Stars orbiting the supermassive black hole Sagittarius A*, 26,000 light years away from Earth, have helped confirm once more some of the predictions made by Albert Einstein in his famous theory of general relativity.

Sagittarius A* lies at the centre of our galaxy and measures about 44 million km across. As such, it is about 4 million times as massive as our sun and exerts a tremendous gravitational pull.

Scientists cannot directly observe black holes, such as this one, so they have studied a group of nearby stars orbiting around it to detect its effects.

In a study now published in the Astrophysical Journal, astronomers measured the orbit of these stars, using new analysis techniques and existing observations that were made by European Southern Observatory's Very Large Telescope and other telescopes in the last two decades.

The data about the stars was used to test predictions made by classical Newtonian physics such as universal gravitation, as well as predictions based on general relativity.

Investigating one star

Scientists show that the star known as S2 appears to have the most elliptical orbit of any star orbiting the supermassive black hole. It is 15 times the mass of our sun and completes this orbit in about 15.6 years. At its closest, it gets to within 17 light hours of the black hole, or 120 times the distance between the Sun and the Earth.

The orbit changed slightly over time – by a few percent in the shape and about one-sixth of a degree in orientation. The theory of general relativity can help explain these changes. They are probably due to relativistic effects caused by Sagittarius A* intense gravity.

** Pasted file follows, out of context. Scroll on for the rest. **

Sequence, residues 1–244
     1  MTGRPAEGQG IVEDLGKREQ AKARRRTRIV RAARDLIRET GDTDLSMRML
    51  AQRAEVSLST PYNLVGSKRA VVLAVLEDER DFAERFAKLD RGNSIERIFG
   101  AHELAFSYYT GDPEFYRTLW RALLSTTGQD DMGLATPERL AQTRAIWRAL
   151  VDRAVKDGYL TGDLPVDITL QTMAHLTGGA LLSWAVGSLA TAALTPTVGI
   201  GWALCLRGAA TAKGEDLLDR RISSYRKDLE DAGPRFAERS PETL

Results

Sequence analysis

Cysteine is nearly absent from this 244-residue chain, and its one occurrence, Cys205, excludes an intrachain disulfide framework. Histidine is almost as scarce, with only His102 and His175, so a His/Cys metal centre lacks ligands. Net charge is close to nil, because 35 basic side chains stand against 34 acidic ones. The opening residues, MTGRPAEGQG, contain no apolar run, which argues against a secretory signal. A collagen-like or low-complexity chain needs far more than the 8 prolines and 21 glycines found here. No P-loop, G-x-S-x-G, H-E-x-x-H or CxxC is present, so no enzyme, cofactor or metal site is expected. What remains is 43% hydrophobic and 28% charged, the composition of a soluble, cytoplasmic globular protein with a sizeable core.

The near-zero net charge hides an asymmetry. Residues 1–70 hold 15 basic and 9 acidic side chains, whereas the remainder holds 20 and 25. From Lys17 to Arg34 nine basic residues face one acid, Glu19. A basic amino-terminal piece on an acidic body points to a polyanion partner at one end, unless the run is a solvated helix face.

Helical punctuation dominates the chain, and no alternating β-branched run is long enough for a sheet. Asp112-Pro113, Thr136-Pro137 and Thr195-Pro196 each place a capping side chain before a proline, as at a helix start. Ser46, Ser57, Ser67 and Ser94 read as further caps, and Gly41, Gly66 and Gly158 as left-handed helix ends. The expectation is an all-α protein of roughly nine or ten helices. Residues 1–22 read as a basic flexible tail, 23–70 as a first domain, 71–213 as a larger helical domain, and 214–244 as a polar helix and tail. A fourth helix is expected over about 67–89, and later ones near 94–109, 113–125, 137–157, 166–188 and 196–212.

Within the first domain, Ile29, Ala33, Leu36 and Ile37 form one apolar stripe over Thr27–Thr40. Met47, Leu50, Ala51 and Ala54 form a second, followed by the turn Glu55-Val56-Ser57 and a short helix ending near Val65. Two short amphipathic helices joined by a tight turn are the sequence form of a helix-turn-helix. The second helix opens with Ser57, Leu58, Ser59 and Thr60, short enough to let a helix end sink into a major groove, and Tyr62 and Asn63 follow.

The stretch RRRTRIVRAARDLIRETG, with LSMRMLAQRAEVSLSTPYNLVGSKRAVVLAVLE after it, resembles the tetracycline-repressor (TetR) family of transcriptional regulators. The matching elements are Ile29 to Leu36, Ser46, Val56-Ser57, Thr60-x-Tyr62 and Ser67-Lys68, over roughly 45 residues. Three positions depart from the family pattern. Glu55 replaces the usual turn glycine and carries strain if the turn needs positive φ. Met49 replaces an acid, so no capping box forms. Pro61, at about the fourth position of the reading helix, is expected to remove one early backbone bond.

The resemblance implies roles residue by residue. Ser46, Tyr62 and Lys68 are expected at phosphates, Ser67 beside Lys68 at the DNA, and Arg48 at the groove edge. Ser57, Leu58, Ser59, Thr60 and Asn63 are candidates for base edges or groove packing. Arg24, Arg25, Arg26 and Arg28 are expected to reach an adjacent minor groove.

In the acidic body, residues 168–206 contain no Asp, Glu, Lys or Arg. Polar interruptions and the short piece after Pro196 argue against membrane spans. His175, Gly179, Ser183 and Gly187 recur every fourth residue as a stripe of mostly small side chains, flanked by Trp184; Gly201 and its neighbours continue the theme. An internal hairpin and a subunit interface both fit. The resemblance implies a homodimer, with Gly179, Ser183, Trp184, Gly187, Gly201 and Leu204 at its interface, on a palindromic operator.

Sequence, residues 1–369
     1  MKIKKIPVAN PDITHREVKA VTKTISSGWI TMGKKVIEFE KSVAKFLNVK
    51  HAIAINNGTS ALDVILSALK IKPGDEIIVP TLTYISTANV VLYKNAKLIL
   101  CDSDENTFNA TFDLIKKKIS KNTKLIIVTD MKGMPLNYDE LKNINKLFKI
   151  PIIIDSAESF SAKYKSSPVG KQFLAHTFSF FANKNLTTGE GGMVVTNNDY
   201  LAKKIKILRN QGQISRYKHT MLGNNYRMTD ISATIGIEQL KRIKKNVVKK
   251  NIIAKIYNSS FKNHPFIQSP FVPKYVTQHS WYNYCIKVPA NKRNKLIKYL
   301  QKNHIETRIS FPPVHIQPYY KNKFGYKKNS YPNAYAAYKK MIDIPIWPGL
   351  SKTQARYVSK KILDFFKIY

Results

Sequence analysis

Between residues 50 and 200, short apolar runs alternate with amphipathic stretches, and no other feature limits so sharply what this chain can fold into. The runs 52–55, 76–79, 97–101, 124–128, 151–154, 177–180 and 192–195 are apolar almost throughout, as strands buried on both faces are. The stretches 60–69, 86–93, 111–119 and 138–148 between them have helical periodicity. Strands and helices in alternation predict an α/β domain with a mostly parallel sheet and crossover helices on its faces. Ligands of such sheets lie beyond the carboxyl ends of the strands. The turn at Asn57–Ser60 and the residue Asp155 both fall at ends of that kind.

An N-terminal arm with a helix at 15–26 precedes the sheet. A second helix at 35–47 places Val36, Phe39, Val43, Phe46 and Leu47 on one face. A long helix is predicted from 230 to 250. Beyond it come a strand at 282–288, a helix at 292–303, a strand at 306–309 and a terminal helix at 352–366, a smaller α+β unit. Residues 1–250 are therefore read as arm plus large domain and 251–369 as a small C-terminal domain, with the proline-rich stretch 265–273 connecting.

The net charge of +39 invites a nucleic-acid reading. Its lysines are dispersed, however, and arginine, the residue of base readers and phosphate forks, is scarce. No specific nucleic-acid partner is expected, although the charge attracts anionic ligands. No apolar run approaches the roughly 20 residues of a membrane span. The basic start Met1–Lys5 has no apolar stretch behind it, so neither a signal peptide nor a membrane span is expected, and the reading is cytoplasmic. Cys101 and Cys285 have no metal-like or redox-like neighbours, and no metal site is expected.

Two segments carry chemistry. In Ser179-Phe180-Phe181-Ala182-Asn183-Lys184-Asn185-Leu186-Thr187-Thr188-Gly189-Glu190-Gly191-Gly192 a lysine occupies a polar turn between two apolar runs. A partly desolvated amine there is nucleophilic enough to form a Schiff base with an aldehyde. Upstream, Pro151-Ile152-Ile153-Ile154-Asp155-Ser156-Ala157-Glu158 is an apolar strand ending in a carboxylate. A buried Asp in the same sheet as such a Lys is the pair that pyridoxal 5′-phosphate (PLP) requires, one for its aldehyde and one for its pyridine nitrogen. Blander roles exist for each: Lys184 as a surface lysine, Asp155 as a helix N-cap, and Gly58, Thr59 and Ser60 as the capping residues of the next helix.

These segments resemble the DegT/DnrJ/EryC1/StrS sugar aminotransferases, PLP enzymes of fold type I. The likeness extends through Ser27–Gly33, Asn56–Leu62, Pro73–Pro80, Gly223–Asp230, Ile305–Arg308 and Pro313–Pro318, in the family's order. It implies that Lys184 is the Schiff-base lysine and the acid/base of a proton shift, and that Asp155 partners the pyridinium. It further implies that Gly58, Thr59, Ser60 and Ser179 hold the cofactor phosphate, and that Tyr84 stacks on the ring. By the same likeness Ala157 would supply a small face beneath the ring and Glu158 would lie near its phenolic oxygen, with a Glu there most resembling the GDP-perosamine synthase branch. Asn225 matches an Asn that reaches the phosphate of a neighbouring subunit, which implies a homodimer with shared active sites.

black holes
Artist's impression of the orbits of three of the stars very close to the supermassive black hole at the center of the Milky Way.ESO/M. Parsa/L. Calçada

These deviations in S2's orbit were thus found to be consistent with the theory of general relativity but they cannot be explained by the principles of Newtonian physics.

These findings show once more that Einstein was right in his predictions. If they are confirmed further, this will be the first time that the effects of general relativity have been precisely measured using the stars that orbit a supermassive black hole.

Beyond the more precise information collected about S2's orbit, this study also provides new and more accurate estimates of Sagittarius A*'s mass, as well as its distance from Earth. This data is important as it could form the basis of innovative future research about the physics of supermassive black holes and more generally about the physics of gravity.